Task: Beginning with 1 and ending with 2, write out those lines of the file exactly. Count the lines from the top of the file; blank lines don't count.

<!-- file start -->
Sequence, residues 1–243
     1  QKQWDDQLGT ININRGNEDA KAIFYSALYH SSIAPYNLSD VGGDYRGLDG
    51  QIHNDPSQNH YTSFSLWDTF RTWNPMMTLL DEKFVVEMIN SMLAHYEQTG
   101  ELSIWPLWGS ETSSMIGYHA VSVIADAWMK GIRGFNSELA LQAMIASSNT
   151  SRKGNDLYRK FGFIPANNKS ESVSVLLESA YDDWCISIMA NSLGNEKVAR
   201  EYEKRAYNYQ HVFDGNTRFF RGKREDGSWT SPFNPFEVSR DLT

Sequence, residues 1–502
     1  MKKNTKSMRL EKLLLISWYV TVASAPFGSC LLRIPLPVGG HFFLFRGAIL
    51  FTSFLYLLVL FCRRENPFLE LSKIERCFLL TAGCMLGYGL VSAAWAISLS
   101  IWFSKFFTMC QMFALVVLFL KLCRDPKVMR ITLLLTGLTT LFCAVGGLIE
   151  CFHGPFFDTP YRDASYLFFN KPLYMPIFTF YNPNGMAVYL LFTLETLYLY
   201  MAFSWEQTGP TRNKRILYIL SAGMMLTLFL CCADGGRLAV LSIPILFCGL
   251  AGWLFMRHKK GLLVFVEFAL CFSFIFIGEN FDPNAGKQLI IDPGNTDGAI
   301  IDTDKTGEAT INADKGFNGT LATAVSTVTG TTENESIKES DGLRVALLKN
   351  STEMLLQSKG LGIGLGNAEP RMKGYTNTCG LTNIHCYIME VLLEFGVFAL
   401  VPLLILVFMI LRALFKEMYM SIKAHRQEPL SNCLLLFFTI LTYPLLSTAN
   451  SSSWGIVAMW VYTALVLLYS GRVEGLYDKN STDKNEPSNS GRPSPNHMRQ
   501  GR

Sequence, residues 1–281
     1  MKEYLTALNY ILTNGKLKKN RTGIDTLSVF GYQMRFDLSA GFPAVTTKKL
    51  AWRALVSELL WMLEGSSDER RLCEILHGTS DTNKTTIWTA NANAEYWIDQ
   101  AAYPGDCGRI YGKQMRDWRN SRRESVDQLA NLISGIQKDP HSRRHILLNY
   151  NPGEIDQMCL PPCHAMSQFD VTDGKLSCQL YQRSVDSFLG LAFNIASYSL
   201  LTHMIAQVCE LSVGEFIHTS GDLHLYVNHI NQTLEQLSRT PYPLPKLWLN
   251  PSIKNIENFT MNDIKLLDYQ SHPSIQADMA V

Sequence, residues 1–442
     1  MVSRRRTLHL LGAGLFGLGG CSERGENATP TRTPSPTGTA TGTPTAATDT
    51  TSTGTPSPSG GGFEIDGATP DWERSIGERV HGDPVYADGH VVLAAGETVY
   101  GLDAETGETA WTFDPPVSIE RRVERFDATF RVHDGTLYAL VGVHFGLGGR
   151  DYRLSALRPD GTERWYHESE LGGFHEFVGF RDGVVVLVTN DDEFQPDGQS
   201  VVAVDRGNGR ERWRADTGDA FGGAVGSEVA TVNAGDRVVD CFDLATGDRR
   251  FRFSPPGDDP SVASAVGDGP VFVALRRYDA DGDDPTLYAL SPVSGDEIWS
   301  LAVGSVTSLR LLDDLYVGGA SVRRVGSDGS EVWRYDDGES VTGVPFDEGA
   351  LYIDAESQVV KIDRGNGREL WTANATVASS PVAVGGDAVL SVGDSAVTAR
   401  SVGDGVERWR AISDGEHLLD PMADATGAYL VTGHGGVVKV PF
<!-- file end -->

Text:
Sequence, residues 1–243
     1  QKQWDDQLGT ININRGNEDA KAIFYSALYH SSIAPYNLSD VGGDYRGLDG